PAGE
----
But then, couldn’t there also be similar complaints from other people elsewhere who read about cutting out all animal products, or sat fat, or cholesterol, or reducing calories/increasing exercise to a point where hunger and fatigue take over? Wouldn’t it also be possible that those folks might develop “unnecessary food phobias”? And just as the “calories in” part of the equations is necessarily bound up with the “calories out” part, why wouldn’t the “emotional/psychological aspects” of food and activity not be related to, oh, say, well, food and activity? Why wouldn’t what we eat affect how we think and feel about what we eat? This is why emotions are part of what I talk about. Because they are part of who were are. We are not bodies to be ruled by minds. If you’d been told that you are lying or you “must not care” about your health when the weight loss approaches you’d been offered didn’t work for you, you’d have some very real emotions attached to that moment, and the place where you would feel those emotions would be IN YOUR BODY. Feeding the body differently, either calorie-wise or nutrient-wise or both–for some folks–may change emotional/psychological factors involved eating behavior.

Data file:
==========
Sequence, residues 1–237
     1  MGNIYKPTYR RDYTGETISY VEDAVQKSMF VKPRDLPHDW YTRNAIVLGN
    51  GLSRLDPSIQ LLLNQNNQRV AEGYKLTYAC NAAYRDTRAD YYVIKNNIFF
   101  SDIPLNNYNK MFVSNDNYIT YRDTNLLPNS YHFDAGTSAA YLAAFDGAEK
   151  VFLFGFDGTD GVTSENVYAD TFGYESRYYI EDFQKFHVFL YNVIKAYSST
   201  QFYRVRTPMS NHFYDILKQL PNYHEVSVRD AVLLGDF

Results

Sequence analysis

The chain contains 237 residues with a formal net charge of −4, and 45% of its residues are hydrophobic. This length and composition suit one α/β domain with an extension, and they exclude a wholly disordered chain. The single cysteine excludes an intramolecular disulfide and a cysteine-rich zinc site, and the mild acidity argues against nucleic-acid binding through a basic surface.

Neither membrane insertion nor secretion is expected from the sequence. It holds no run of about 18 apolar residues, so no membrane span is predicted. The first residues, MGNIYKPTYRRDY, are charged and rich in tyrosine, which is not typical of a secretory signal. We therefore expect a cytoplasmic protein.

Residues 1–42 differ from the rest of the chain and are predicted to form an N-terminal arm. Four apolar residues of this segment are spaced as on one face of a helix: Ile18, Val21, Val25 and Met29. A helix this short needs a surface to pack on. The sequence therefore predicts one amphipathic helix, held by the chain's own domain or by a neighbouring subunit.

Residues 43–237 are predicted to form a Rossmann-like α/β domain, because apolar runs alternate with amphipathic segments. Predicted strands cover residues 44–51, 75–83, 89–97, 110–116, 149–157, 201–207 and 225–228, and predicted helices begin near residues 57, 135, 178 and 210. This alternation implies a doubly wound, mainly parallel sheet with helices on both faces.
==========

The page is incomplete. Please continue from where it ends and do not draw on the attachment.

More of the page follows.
Why would we assume that one approach (even “eat less, move more” which is, as you said, vague and incomplete) will work for everyone? I’ve never suggested that everyone everywhere should “cut out all sugar and wheat” and I’m not sure where you would have gotten the impression that I do except from someone somewhere else in cyberspace setting up his/her own straw man (or woman, as the case may be). For the record–once again and in three part harmony–the only concept I am selling appears to be one that you agree with: that a one-size-fits-all approach to health is inappropriate.

      1. The whole lifespan issue and cavemen is a fascinating subject. High infant mortality rates, infectious diseases, and injury meant that life expectancy is much lower than it is today. In other words, eating like cavemen (whatever that looked like) didn’t kill them.

        However, I can say with a certain amount of assurance–based solely on my own personal experience–that, no matter how short their lives, if cavemen/women had counted calories, it would have felt like MUCH MUCH longer.